People don’t respond well to promotional postings. They come off as preachy, disingenuous, and irritating. It can be a huge turn-off for people who follow your accounts if every other one of your posts is promotional. There’s a way to go about promoting yourself, but it needs to be done sparingly and in a tasteful way.

Below is an examples of a compelling informational post by REI.

Nike brand promotional post good example

REI brand good example of informational social media post

Your Brand Is Losing Social Media Followers Because You’re Not Staying True to Your Brand

Don’t try to be someone or something you’re not. If the voice, tone, slang, jargon or buzzwords you’re using doesn’t fit your brand, it probably won’t fit your audience either. If your readers can’t understand your posts then your brand loses social media followers. Wikipedia has quite the comprehensive list of some of the most overused buzzwords from corporate, academic, government and general social jargon. Some of the best examples include overuse of the terms Millennial, Drinking the Kool-Aid, benchmarking and big data. Try to avoid using them and come up with an original way of describing your content without falling on these common idioms.

Your Brand Is Losing Social Media Followers Because You’re Neglecting Your Followers

Your relationship with your followers is a two-way street. If you expect your audience to interact with your posts and your brand, then you need to interact with them right back. Facilitate conversations and engage with your audience. If you’re asked questions or given opinions about what you’re doing, acknowledge them in a timely manner and provide genuine responses.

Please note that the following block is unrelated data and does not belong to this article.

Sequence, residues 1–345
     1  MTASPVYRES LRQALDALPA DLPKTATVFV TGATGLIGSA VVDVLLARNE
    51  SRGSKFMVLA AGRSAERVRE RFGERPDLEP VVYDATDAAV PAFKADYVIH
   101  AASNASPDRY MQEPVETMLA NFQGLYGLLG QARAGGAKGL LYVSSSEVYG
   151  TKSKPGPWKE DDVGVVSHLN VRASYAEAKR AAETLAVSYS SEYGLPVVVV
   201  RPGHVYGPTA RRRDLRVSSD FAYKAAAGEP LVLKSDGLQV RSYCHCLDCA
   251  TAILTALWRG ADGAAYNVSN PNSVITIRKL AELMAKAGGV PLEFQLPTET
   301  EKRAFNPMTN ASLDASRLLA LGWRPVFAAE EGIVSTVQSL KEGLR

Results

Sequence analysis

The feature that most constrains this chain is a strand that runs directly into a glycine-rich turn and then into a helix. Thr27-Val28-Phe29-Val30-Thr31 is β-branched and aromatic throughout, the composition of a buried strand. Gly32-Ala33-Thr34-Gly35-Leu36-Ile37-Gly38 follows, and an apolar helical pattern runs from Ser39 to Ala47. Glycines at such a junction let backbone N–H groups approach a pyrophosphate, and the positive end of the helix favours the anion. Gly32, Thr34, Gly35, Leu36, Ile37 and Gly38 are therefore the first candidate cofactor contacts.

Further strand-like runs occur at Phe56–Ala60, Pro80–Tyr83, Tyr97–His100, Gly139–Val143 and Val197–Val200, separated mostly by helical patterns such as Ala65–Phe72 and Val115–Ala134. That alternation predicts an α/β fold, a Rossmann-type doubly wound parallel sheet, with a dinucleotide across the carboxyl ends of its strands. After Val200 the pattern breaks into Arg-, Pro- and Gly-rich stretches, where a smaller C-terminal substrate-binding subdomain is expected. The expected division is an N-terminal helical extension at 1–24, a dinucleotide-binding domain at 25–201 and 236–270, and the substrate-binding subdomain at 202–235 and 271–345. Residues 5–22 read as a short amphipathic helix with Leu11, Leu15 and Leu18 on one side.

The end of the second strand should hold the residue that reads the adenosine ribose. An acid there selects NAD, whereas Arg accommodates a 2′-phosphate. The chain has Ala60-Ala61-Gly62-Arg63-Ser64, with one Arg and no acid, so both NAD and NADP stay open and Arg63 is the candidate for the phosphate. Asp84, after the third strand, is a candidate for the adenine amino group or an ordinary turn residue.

One good place to start is by becoming very responsive to messages you receive on Facebook. By responding to at least 90 percent of your messages within 15 minutes or less activates a badge on your page that shows you’re a responsive brand. Another easy way to encourage engagement and show your brand’s social media followers you care is to like or reply to every comment on every post. Jump into the conversation about your content and stir additional interactions. Doing so will increase your reach and boost your relationship with your followers.

Other ways to give your social media followers the attention they deserve is to share customer stories. Ask your followers to tell a story about a particularly good experience with your brand and share their story on your account. This is both a great way to learn how customers are using your product or service and a source for additional quality content ideas.

Another powerful way to show your followers you care while boosting engagement is to hold a contest or giveaway. Ask your audience for comments, shares or likes in return for an opportunity to receive a prize. Doritos annually hosts a video contest on its Facebook page to help it select its Super Bowl ad. This campaign supplied the brand with content for months and generated a huge conversation both online and off. Maybe you can do the same.